Book Review: ‘The Watchers’ by Neil Spring

The Watchers by Neil Spring

If you watched Harry Price: Ghost Hunter on ITV over the Christmas period, you’ll be familiar with the work of Neil Spring (the TV version is an adaptation of Spring’s 2013 novel, The Ghost Hunters).  The Watchers is his second novel and is loosely inspired by the UFO sightings in Wales during the late 1970s.  The blurb on the back of the book indicates that the protagonist, Robert Wilding , not only has access to national secrets via the mysterious sounding Ministry of Defence Room 800, but is also troubled by his own traumatic past, which includes the incidents surrounding the death of his parents.

Contrary to the popular cliché, I believe there are times when you absolutely should judge a book by its cover…


There is something glorious sinister about the front cover of the novel, with its black and white pointillistic graphics and shadowy allusions to a otherworldly lights and figures.  Having seen Harry Price, I was initially drawn to the novel in the hopes that it was more of the same.  However, despite an initial skepticism that the supernatural and UFOs would make for uneasy bedfellows, I was soon completely immersed in a tale of bleak Welsh landscapes and genuinely chilling characters known only as ‘the watchers’.

The novel is written from the perspective of the main character, Robert Wilding, an aide to a member of Parliament.  Wilding finds himself drawn back to his childhood home in west Wales when a number of incidents and otherworldly sightings are reported.  Loathe to return to a place where he was so unhappy, he is forced to confront the beliefs of the fanatical grandfather who brought him up, in order to solve the mystery.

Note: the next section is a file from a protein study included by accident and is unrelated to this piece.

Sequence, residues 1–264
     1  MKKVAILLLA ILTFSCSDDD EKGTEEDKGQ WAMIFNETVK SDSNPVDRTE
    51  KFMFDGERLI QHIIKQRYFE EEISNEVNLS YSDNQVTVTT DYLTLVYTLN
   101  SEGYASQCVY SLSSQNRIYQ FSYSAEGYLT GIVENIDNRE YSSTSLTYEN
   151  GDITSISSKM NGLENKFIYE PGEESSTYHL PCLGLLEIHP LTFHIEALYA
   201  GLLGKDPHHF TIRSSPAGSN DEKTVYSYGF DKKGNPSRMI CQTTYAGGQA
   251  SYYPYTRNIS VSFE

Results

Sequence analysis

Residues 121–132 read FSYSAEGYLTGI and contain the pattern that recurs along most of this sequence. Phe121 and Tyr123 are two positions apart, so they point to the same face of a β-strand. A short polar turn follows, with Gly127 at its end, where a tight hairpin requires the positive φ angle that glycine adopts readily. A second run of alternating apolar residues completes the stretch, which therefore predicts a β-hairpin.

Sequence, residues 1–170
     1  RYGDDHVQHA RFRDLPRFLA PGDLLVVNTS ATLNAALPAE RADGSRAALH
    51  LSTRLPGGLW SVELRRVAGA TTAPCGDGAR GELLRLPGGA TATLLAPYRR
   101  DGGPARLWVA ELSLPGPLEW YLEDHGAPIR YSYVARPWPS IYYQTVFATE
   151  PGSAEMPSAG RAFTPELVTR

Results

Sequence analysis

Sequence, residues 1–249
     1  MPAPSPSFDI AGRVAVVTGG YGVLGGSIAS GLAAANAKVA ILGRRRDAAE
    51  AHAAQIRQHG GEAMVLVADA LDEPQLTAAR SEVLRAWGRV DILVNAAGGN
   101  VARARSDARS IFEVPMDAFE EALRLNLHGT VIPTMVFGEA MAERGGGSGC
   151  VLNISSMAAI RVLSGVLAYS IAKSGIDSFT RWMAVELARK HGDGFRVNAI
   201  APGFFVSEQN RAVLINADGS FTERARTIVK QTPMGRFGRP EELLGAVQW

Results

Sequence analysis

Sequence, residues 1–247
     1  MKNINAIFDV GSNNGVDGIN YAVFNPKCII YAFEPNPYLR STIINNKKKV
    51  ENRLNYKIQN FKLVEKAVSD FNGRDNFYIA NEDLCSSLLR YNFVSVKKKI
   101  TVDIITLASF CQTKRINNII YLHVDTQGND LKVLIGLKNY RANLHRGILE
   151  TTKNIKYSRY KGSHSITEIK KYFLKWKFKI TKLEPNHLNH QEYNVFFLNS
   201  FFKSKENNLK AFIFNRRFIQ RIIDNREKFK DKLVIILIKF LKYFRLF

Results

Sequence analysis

Interspersed with Robert’s narrative are ‘testimonials’ from other individuals who have witnessed the bizarre events.  These offer welcomed alternate viewpoints to that of the clearly troubled and possibly unreliable protagonist.  Spring’s writing successfully evokes the taut nature of the events,  providing just enough information for the reader to be intrigued by Wilding’s returning memories without revealing too early the real reason why the character has subdued them for so long.

I particularly enjoyed the way in which the final chapter (set two years after the main events of the narrative) aligns the paranormal with contemporaneous Cold War paranoia.

Whether you are a fan of the pararnomal or science fiction genres, this is certainly well worth a read.  Both menacing and compelling in equal measure, I absolutely loved it.  Just don’t read it before bedtime because the watchers are indeed, the stuff of nightmares…


More information on Neil Spring and his writing can be found over on his website or via his tweets at @NeilSpring.




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